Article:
New agetech projects win €21m support

New projects are providing capital and support to Longevity start-ups as investors and governments start to realise the sector’s importance.

36 partners, 14 European countries and €21m to spend between them… The SHAPES project (Smart and Healthy Ageing through People Engaging in supportive Systems) aims to explore interactions between people, their environments and technology to deliver advanced community living projects which help people to continue living in their own homes for longer.

Led by the Assisted Living and Learning Institute (ALL) at Maynooth University in Ireland, the project addresses deficiencies in the way independent living products are produced and marketed.

“As of now, we have many different technologies available to older individuals and people with disabilities,” said Malcolm “Mac” MacLachlan, Professor of Psychology and Social Inclusion at ALL. “Someone might have a hearing aid, a wheelchair, home sensors and perhaps a ‘smart’ pillbox – but they don’t necessarily all work together. In collaboration with our European colleagues, we aim to bring assistive technologies and connected health together [1].”

We addressed the Agetech interoperability question recently when we talked with Dr Lorraine Morley, lead of AgeTech Accelerator UK at Allia about the increased interest from investors in the AgeTech field.

Among the organisations taking part is the Agile Ageing Alliance (AAA), which will be focusing on age friendliness; drawing on WHO health and housing guidelines together with research co-authored by MacLachlan, it will investigate what constitutes an optimum age friendly home.

In a press release AAA stated: “With over 70% of European housing stock not fit for purpose and 80% of the homes that people will be occupying in 2050 already built, our workstream will prioritize retrofit environments as settings to test novel solutions designed to help people remain independent, productive, active and socially connected for longer.”

The work will tap into AAA’s ongoing Neighbourhoods of the Future research looking at new housing and, specifically, construction. It draws on their recent report ‘Better Homes for an Aging Population [2]’ which details how we can create more appropriate homes for our older future selves.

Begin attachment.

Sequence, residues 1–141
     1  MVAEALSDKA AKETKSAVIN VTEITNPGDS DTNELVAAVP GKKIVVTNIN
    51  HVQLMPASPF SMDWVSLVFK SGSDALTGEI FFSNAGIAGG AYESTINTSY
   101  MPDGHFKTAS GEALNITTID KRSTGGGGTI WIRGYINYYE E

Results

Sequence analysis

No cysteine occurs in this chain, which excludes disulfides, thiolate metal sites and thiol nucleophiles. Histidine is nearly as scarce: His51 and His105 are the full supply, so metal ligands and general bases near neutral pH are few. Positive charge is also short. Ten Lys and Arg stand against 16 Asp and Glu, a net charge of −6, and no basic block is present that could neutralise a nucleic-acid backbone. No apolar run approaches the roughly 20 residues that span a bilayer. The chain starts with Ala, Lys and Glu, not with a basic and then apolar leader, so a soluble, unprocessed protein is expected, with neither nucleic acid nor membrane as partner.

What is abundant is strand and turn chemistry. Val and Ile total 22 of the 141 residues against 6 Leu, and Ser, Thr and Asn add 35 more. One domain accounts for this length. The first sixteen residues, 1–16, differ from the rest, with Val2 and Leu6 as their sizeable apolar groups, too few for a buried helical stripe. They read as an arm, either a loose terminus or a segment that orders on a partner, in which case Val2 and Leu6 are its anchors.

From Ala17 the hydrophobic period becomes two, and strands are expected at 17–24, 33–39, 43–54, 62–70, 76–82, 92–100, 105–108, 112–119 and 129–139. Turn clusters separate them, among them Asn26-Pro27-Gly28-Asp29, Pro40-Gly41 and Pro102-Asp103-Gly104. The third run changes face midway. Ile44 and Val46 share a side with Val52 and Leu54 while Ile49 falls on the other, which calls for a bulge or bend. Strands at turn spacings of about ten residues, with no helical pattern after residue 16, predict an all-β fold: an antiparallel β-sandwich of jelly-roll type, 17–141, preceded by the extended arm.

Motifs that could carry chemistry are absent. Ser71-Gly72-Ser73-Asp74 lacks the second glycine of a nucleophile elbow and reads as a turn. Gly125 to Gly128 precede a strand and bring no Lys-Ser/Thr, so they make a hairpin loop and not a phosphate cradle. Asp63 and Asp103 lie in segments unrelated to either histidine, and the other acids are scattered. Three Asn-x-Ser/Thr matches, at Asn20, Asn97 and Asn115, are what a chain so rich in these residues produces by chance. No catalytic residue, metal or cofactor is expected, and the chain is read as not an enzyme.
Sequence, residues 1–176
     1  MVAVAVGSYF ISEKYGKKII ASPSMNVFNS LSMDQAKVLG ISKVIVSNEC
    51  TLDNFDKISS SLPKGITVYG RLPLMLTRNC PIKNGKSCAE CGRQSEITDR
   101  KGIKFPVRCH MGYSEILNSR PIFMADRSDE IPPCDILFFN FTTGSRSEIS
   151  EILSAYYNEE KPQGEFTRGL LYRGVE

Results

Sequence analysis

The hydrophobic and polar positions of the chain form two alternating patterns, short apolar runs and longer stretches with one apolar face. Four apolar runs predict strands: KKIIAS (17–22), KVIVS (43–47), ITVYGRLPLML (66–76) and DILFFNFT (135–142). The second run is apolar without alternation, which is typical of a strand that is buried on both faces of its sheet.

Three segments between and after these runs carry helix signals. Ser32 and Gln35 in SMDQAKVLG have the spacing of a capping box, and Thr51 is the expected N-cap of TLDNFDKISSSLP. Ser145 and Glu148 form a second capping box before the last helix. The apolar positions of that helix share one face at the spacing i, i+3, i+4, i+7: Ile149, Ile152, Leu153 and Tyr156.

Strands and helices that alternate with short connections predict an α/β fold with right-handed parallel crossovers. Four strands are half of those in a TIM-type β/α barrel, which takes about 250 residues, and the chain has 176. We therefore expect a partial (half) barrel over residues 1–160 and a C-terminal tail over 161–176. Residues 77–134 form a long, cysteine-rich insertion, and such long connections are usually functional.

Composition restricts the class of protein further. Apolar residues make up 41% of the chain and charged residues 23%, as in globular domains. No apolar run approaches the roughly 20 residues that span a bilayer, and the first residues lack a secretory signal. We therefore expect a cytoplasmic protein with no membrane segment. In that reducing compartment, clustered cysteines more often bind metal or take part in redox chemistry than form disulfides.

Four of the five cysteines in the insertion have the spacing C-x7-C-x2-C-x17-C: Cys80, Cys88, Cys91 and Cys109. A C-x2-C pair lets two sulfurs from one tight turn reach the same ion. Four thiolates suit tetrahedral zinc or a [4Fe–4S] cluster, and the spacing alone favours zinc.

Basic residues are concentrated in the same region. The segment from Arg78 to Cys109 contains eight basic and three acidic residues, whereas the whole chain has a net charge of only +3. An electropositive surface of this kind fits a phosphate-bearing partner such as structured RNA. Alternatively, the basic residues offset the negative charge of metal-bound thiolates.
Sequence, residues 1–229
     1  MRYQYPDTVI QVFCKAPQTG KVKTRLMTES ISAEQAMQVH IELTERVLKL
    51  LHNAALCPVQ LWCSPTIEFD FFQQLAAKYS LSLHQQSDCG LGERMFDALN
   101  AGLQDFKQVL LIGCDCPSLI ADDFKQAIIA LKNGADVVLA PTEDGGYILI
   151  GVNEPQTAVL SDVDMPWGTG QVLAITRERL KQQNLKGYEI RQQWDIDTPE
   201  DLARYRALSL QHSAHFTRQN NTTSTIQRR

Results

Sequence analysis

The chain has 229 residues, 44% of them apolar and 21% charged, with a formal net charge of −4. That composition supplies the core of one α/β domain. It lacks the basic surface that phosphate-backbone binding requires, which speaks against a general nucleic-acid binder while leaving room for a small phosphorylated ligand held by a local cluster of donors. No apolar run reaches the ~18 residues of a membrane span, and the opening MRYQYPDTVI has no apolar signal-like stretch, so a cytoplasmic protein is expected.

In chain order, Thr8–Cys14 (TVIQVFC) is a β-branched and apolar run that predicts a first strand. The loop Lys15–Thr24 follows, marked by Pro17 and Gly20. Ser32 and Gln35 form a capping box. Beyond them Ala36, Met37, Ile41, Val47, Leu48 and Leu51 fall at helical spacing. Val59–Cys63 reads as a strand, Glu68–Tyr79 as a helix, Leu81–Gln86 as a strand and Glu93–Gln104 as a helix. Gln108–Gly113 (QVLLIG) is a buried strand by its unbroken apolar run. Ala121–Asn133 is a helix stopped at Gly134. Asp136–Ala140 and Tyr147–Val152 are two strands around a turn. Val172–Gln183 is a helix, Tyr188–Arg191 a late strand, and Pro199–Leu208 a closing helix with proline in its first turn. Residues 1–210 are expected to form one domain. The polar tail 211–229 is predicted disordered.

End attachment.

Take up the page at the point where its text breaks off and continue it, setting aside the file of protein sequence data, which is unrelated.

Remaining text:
We recently spoke with Dominic Endicott of 4Gen about the future of housing. 4Gen takes its name from an anticipation of rising costs in housing and social care causing families in the US & UK to increasingly consider “multi-generational living,” — cohabiting or living together in close neighbourhoods across four generations.

Finding funding

Support from programmes such as Horizon 2020 [3] is crucial to the prospects of such proposals. With more than €80bn worth of funding over seven years, €5.5bn of which has gone to the UK, it plays an important role in giving start ups the support they need to grow.

Even so, the environment is challenging. According to NESTA, “there needs to be more space created to take risks and to build evidence of the case for novel solutions. This requires work between private, public and third sectors to create pilots and share the evidence and data created.”

But there are moves in the right direction; 4Gen Ventures is due to start investing early in 2020 and aims to raise between £50m and £100m [4]. Interest in Agetech is growing from public bodies and investors.

The arrival of Brexit could also create opportunities. Speaking to Longevity.Technology, Professor Sir John Bell, Regius Professor of Medicine at Oxford University, said that Brexit could create an opportunity for a more favourable regulatory climate which would make the UK even more attractive to the Longevity research sector.

“There is one big potential benefit that could really affect things, which would be the ability for the UK to form its own regulator. Because some of this is going to require accelerated approvals – long-term, real-world evidence gathering in the marketplace,” he said [5].


Image credit: ingehogenbijl /
Eleanor Garth
Staff Writer and Community Manager Following a degree in Classics, Eleanor organised biomedical engineering conferences and provided research support at Imperial College London and various London hospitals, before working as a science and medicine journalist.

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